Bulletin Editor Nancy Waring asked Makau Mutua and Mary Ann Glendon, two scholars prominent in the field of human rights, to write brief answers to two questions on the Universal Declaration of Human Rights and respond to each other’s answers.
1. There has been a great deal of discussion about whether the Universal Declaration of Human Rights can really be said to be universal. What is your view?
Mary Ann Glendon
The Universal Declaration has often been called “Western” and been rejected on those grounds. My own research indicates that while the Declaration is only imperfectly multicultural, it is, in fact, impressively multicultural. There were 18 members on the original Human Rights Commission, and among the most influential and active were a Chinese Confucian scholar, P. C. Chang; a Lebanese scholar, Charles Malik; and a Chilean social democrat, Hernan Santa Cruz. Aside from their contributions, the Declaration had substantial input from developing and/or non-Western member nations and, in the final review, participation of all 58 member nations of the United Nations, then including 6 Asian countries, 3 countries with large Buddhist populations, 10 countries where Islamic culture was strong, and 20 Latin American countries. In sum it’s very hard to dismiss the Declaration as simply Western. On the other hand, there certainly were parts of the world that were underrepresented, notably sub-Saharan Africa and other countries that were under colonial rule.
As you know the Declaration was adopted in 1948, in the aftermath of the 1939–45 war, which I don’t like to call WWII, because it was a European war. At that time, most of Africa was colonized, as was most of Asia. The drafters of the Declaration, those who gave it intellectual content, were of European and North American origin. So the Declaration is a testament to the culture and morals and values of the European West. It is a shameless presumption for the document to purport, as it does, to be a common standard for all peoples and all nations. This is not to say it’s invalid, but it’s incomplete. One example is the document’s unremitting emphasis on the individual as the center of the moral universe. This idea has deep roots in Western philosophy and culture. Many non-European cultures, including African cultures, do not give the individual primacy over the community.
2. If you could make changes to the Declaration, what would they be?
Mary Ann Glendon
If I could change one thing about the Universal Declaration, it would be the way in which the provisions relating to social and economic justice are formulated. I regret very much that over the past 50 years, those provisions have been neglected. The Universal Declaration did well to affirm that respect for human dignity requires not only political and civil rights but also attention to the basic needs of every man, woman, and child in the world. But by putting these concerns in the language of rights rather than in the obligations language of many constitutions, they may have contributed, ironically, to the marginalization of these concerns. So one hope I have for the future of the Universal Declaration is that the Declaration’s social and economic provisions can be lifted up once again and affirmed as indispensable to the main goal of the Declaration, which is respecting human dignity.
I would not argue for changes to the Declaration itself. I would argue, however, that it is important to diminish its status somewhat, to discourage the view that the Declaration is the be-all and the end-all. It was inappropriate for the document to announce itself as a kind of Magna Carta or bible of the good society. The authors should have shown more humility. But I think the limitations of the Declaration are best dealt with in subsequent documents that address crucial areas it neglected. The Declaration seems to be premised on the notion that political democracy is sufficient to achieve human dignity, and accordingly, it wrongly equates the containment of state despotism with the attainment of human dignity. A comprehensive understanding of humanity speaks to more than just political rights. Complementary documents ought to address the balance between the individual and the community, and also economic and social rights.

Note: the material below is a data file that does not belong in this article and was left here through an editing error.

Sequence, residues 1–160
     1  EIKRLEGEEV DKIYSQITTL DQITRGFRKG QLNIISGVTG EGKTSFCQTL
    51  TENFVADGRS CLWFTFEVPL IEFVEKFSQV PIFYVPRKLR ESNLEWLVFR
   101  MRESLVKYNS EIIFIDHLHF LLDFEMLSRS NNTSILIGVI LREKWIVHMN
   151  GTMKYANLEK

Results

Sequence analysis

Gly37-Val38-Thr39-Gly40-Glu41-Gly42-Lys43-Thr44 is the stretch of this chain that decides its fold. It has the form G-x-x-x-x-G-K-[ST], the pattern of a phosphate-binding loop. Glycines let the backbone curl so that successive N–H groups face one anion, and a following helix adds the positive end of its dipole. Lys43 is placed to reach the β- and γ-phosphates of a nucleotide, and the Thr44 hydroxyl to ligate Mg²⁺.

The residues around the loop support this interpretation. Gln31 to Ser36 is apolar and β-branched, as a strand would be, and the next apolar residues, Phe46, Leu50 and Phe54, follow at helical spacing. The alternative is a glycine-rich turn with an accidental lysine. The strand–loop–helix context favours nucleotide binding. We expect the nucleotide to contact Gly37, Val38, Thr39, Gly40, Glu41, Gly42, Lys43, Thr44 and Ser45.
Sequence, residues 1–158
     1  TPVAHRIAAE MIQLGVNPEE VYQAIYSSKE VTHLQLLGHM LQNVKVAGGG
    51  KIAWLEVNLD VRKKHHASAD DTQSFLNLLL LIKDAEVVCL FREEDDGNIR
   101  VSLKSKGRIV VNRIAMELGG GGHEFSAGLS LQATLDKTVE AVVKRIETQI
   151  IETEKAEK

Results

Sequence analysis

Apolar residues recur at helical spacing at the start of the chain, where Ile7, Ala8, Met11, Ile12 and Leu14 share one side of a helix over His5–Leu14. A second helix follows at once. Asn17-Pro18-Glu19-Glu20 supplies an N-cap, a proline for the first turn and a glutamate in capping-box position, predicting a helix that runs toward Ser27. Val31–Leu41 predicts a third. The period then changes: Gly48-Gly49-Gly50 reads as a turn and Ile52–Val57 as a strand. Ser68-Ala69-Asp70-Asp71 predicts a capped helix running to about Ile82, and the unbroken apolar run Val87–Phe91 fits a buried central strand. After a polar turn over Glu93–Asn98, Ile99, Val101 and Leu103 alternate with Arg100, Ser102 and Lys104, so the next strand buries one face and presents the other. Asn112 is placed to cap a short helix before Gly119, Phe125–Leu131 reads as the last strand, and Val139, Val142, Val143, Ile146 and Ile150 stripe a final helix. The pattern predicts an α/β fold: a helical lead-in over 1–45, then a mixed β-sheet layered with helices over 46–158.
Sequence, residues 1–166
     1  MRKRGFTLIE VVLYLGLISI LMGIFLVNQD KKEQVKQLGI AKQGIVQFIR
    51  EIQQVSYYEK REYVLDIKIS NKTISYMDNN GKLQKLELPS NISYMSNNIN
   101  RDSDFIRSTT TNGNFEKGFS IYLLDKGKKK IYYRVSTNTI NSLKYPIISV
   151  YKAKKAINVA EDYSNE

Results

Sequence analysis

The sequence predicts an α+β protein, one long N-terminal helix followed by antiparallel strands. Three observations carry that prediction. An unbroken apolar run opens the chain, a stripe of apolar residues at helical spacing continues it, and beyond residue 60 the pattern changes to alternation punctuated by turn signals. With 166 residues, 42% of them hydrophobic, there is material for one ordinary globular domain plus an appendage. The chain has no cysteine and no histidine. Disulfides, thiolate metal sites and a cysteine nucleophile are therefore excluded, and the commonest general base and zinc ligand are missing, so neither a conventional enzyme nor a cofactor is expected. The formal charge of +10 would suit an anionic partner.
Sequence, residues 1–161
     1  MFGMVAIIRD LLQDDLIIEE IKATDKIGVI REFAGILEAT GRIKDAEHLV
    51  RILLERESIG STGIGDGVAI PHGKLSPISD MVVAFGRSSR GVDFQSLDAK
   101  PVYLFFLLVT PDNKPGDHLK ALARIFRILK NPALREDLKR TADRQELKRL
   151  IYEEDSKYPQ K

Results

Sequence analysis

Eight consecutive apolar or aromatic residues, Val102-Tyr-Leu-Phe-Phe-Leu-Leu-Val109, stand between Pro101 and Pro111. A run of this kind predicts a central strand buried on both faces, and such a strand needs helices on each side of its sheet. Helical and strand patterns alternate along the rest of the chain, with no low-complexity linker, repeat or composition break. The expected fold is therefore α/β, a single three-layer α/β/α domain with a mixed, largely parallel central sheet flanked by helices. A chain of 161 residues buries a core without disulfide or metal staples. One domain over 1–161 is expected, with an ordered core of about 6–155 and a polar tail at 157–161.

Glendon responds to Mutua
The Universal Declaration is explicitly based on the common humanity of all men and women, thus rejecting the excessive emphasis on racial and cultural differences that was one of the most destructive legacies of European thought and policies in the colonial era. After independence, most new nations adopted constitutions and signed regional rights instruments resembling the Universal Declaration. There is much evidence that cultural traditions around the world do not disagree much on the minimal approaches to human misery embodied in these highly general rights documents, especially since much scope is left for variety in interpretation and means of enforcement. I am going to keep on trying to convince Professor Mutua to become a big fan of the Universal Declaration!
Mutua responds to Glendon
Professor Glendon points to Charles Malik of Lebanon and P. C. Chang of China as important figures in the drafting process. But what needs to be underscored is not their nationalities, but rather the Eurocentric template from which they proceeded as intellectuals and policymakers. Both were educated in the United States, and Chang in particular advocated the inclusion of certain norms from the American Declaration of Independence. I agree with Professor Glendon that economic and social rights ought to be given the same, if not greater, weight by the human rights movement.